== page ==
Inspiring

Tiny home village with transitional housing offers homeless opportunity to get lives back on track

April 8th, 2021

If you’re a self-confessed daydreamer, you’ve probably lost hours of your life dreaming of selling your home and moving to the middle of nowhere to live in a tiny home.

Tiny home communities are cropping up all over the US, proving that tiny home living is more than just a temporary obsession – it’s a way of life.

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Unsplash Source: Unsplash

There are so many benefits of living in a tiny home.

Tiny houses are usually affordable enough to pay for upfront, so you can live mortgage-free after your initial investment. Tiny homes also promote sustainability, as they’re usually made from sustainable materials, are self-sustaining, and allow you to reduce your energy use.

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Unsplash Source: Unsplash

Because of their affordability, tiny homes could provide the answer to one of the biggest problems in the US: homelessness.

A 2017 study found that on average, 553,742 people in the United States experience homelessness on a given night.

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Unsplash Source: Unsplash

Albuquerque, New Mexico, is no stranger to homelessness – and one woman decided to do something about it.

Debbie O’Malley, Bernalillo County Commissioner, has been working since 2016 to turn her vision into reality.

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YouTube/ KRQE Source: YouTube/ KRQE

Now, finally, the tiny home community for the homeless is open and accepting residents.

The community, which was built on an unused lot, features a village of tiny homes, each of which has its own bed and comfort facilities.

Tiny homeowners share a living space, including a fully-stocked kitchen and a bathroom.

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YouTube/ KRQE Source: YouTube/ KRQE

The tiny homes are intended to serve as transitional housing for homeless men and women who are looking to get their lives back on track.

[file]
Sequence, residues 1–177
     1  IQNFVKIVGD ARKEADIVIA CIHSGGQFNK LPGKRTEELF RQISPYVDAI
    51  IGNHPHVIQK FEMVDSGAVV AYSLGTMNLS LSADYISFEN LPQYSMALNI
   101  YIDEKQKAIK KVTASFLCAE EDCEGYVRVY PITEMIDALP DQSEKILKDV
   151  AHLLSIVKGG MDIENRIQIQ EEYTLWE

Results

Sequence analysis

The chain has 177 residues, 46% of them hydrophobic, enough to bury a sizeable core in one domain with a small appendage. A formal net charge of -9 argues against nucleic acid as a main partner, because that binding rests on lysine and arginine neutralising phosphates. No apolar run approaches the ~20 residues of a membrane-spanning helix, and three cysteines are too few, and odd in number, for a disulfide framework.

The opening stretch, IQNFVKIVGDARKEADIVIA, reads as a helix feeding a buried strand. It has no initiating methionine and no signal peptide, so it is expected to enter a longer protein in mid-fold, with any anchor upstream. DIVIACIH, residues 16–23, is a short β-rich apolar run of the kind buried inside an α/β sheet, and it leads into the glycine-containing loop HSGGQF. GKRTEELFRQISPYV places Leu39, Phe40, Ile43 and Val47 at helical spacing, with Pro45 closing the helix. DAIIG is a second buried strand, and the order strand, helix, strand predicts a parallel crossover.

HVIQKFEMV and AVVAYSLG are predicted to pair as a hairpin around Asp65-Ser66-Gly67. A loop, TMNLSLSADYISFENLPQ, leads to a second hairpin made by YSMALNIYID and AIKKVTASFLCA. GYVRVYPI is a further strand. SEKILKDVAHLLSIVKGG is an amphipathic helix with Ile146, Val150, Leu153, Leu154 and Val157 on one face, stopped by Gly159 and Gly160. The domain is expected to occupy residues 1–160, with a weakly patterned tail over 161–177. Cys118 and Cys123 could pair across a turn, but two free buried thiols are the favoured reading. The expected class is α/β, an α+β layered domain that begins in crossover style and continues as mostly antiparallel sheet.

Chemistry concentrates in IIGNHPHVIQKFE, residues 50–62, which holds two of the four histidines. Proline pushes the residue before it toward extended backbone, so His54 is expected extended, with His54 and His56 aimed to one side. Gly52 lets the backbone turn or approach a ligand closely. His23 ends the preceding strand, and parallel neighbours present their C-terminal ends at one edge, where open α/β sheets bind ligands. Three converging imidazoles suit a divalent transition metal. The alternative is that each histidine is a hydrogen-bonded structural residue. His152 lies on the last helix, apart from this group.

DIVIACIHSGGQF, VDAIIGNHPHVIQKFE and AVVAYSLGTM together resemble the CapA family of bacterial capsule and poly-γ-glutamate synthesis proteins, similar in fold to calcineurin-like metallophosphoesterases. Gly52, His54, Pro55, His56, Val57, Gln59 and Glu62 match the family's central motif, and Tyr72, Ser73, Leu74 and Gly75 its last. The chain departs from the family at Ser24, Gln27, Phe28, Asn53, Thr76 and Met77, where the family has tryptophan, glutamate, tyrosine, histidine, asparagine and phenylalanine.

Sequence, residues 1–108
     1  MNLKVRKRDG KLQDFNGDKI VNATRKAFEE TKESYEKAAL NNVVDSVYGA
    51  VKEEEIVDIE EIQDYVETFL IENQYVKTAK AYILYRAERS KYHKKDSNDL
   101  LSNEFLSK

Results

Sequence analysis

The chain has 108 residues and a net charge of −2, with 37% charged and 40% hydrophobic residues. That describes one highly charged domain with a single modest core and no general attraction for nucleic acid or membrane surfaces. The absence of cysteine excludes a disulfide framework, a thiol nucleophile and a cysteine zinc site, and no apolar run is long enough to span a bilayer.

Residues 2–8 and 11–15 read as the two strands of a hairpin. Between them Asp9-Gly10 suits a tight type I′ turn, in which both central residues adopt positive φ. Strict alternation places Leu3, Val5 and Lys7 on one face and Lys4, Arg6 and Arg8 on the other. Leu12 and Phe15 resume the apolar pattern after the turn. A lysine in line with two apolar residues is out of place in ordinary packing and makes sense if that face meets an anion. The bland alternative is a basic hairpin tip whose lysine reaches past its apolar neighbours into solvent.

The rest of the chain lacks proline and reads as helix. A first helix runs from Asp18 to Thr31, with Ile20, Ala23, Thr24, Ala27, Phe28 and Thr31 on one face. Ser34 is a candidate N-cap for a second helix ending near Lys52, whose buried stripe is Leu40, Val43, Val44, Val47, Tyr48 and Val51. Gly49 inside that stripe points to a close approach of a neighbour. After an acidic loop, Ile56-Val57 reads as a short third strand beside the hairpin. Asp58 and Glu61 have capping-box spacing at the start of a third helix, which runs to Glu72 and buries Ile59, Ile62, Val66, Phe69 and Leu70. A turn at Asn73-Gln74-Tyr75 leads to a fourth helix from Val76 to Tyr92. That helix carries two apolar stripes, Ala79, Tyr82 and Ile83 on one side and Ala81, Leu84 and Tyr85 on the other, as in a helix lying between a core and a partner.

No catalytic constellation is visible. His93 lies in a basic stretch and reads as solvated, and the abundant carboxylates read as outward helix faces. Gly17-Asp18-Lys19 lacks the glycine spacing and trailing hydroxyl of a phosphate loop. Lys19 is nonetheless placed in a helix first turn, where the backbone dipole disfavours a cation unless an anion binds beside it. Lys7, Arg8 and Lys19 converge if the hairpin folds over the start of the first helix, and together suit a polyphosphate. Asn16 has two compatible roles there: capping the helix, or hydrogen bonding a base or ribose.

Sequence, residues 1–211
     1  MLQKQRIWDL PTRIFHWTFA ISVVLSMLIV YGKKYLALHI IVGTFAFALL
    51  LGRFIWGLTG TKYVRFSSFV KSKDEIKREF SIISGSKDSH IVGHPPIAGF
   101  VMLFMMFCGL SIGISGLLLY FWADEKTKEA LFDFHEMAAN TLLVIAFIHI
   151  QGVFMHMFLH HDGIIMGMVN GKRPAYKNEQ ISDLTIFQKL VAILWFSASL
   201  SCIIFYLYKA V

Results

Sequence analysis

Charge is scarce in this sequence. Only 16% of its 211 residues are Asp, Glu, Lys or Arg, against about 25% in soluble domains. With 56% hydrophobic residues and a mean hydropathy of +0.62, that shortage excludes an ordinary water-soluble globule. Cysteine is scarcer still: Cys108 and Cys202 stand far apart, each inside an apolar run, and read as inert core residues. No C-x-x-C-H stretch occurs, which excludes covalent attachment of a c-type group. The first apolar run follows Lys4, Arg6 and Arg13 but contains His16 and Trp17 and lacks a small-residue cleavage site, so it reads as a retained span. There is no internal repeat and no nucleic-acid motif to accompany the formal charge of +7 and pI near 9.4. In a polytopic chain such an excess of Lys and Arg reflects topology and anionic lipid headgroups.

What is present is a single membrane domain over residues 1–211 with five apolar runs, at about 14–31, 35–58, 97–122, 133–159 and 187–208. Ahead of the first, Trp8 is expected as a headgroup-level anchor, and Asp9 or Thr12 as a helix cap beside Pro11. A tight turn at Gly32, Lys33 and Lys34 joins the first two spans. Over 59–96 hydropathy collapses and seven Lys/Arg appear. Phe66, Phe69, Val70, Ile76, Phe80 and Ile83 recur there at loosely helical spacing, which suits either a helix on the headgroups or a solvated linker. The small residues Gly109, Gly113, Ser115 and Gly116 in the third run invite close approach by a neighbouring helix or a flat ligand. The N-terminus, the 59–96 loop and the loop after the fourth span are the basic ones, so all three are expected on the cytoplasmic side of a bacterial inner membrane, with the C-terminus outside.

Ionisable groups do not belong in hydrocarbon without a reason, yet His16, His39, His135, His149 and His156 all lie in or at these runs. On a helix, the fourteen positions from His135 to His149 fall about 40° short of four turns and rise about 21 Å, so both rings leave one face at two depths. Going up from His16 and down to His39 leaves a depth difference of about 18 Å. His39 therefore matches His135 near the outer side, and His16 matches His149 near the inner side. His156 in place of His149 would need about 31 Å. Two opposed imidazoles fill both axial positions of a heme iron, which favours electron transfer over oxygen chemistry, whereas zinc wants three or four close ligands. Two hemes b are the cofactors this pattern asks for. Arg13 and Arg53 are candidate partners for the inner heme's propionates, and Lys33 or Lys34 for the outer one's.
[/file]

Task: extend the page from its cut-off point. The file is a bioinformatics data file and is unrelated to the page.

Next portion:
Debbie said that her community’s hard work was vital for the project’s success.

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YouTube/ KRQE Source: YouTube/ KRQE

To start with, voters first had to approve a $2 million bond back in 2016. The community had a choice: choose to help the homeless or deny the money spent on the cause. Ultimately, they chose to help the homeless.

As of February this year, the project was officially complete – but why did it take nearly 5 years to get there?

According to Debbie, there were a number of unavoidable challenges, including trying to find a location.

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YouTube/ KRQE Source: YouTube/ KRQE

Eventually, the Albuquerque Indian Center agreed to lease their land to the council, and the work could begin.

Now that everything’s complete, though, Debbie and her team have a chance to sit back and admire their half-decade of hard work.

Debbie is certain that the village will show people how positive projects like this can be.

She said:

“I hope that people see the story and they see what’s happening and they’re like, ‘You know what, we could support something like this in our community.'”

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YouTube/ KRQE Source: YouTube/ KRQE

The tiny home village is designed to comfortably house 40 people, and it costs just $30 a month to “rent” a property out.

Debbie expects that the village will be full by the end of June – but, of course, the idea is not for people to stick around.

Hopefully, by giving the homeless a place to sleep and shower, they’ll have a higher likelihood of finding work.

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YouTube/ KRQE Source: YouTube/ KRQE

Projects like Debbie’s tiny home community are an example of just what a great world we could live in if we chose to be caring instead of selfish in our quest to help others.

You can learn more about the project, plus hear an interview with Debbie, in the video below.

Please SHARE this with your friends and family.

Source: KRQE/ YouTube, End Homelessness, KRQE

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